No. 4. Mr & Mrs John Harrison and their family Mary, Winnie Tommy and Helen. They moved from New Brancepeth.

No 5. Mr & Mrs John William Alderton and their family Peter, John, Colin, Fred and Barbara. They moved from Alum Waters.

No.6 Mr & Mrs Carse and their family twins John and Derek and their sister Dorothy. Mr Carse was the Clerk of the Works for the Estate on which we lived. They moved from the Mill down at Alum Waters.

No. 7. Mr & Mrs Amos Mortlock and their two daughters Dorothy and I cannot remember the name of the other daughter. They moved from Ushaw Moor Colliery.

No. 8. Mr & Mrs Tose and their grown up family. I cannot remember their names. I believe they moved from Eshawwod Street at New Brancepeth.

No. 9. Mr & Mrs Morgan, and their family John and his sister whose name was I think Doreen. I remember John like all young men in those days was consripted into the Army for two years with the Durham Light Infantry and served in the Korean War. They moved from one of the two long demolished houses adjacent to Osbornes farm at Broadgate.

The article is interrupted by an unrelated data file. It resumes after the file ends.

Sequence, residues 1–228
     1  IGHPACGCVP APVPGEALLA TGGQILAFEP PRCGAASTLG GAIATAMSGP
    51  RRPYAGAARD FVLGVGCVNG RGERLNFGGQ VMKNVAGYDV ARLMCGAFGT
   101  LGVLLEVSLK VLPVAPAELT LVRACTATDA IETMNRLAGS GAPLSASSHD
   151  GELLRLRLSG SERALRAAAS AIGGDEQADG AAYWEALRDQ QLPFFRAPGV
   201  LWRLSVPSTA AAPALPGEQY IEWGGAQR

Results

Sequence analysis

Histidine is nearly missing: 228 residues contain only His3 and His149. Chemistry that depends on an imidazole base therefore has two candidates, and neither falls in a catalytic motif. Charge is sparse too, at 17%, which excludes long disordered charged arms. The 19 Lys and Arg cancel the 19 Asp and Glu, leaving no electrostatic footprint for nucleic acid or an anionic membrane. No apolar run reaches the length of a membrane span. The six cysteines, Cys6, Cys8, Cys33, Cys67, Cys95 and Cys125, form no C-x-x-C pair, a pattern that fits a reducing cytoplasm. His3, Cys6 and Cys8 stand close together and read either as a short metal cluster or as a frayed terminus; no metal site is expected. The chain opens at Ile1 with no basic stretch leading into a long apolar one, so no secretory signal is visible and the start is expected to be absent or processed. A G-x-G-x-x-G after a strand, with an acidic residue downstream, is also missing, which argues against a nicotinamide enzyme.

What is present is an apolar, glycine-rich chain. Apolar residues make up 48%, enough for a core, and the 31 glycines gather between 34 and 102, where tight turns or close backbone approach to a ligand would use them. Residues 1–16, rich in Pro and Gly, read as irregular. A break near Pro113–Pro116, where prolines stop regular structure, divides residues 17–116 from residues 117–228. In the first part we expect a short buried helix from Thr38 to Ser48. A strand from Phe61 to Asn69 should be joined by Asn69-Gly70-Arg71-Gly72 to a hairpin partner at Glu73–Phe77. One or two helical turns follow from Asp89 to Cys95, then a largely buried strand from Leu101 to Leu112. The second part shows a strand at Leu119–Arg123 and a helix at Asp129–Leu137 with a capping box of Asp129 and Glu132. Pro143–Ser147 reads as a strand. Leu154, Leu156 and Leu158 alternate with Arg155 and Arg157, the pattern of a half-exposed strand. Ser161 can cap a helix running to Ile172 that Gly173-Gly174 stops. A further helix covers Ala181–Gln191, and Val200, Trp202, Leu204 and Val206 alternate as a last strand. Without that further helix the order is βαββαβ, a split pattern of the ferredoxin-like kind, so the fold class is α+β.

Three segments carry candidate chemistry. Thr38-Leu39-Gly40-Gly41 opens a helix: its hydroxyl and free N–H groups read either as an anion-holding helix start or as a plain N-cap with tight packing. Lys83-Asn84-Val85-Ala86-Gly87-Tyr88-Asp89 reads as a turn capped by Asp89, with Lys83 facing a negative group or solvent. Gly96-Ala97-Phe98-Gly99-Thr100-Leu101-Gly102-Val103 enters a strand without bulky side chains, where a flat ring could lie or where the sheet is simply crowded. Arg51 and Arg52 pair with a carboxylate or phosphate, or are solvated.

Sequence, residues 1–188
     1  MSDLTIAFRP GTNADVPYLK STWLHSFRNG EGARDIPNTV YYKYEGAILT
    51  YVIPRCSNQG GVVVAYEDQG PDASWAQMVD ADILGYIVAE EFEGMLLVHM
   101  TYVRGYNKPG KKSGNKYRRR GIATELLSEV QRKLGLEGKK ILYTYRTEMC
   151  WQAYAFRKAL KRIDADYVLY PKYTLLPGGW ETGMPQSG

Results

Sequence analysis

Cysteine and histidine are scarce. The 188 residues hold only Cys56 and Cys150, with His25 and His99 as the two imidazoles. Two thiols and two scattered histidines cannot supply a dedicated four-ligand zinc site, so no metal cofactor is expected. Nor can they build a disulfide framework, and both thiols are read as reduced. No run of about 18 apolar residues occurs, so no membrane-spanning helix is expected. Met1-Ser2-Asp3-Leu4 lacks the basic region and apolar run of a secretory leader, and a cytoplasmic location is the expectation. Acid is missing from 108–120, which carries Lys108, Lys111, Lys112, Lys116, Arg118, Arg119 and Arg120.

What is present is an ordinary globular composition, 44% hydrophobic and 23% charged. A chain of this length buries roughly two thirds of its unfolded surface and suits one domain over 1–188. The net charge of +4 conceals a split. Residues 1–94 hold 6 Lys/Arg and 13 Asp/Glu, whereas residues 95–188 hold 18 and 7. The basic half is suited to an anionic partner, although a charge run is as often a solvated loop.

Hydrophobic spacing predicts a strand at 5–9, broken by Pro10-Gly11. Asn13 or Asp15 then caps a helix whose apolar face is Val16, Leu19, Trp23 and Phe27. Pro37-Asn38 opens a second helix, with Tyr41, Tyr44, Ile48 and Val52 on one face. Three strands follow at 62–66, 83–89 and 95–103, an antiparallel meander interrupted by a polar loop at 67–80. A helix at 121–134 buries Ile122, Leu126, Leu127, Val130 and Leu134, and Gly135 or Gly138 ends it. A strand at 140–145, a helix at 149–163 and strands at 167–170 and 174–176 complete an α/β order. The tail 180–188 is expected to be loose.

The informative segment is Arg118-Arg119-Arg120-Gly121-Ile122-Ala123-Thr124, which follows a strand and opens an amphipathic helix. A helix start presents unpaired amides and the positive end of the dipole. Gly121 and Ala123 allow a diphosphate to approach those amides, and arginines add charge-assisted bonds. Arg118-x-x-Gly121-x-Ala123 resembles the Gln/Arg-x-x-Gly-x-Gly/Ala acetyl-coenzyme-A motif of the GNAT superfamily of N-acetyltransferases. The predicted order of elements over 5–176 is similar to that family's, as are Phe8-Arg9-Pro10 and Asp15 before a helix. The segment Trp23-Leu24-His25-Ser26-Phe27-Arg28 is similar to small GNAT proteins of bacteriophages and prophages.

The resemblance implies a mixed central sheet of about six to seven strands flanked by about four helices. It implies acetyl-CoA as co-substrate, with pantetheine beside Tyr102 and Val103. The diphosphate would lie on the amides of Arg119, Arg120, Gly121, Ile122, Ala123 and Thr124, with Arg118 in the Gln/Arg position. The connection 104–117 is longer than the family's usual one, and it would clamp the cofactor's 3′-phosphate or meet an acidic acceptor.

No. 10. Mr & Mrs Fred Stewart and their family Fred, Doreen and Eddie. They moved from Ushaw Moor Colliery.

No. 11. Mr & Mrs Temple and their son Arthur. They moved from Ushaw Moor Colliery.

No 12. Mr & Mrs Gillon and their family Gordon, Dennis, Owen and Malcolm. They moved from Pringle Place at New Brancepeth.

No. 14. Mr & Mrs Snaith and the twins Arthur and Albert, and Ken. They moved from Ushaw Moor Colliery.

No. 15. Mr & Mrs Rowan and their family Maureen, Dennis and Patricia. They moved from Broompark.

No. 16. Mr & Mrs Stout and their sons George and Robert and an older sister Jane. They moved from Broompark.

No. 17. Mr & Mrs Scott and family. They moved from New Brancepeth. I think they lived down the Lowside.

No. 18. Mr & Mrs French and their son Jimmy and daughter Marlene. Jimmy was a great footballer. They moved from Broompark.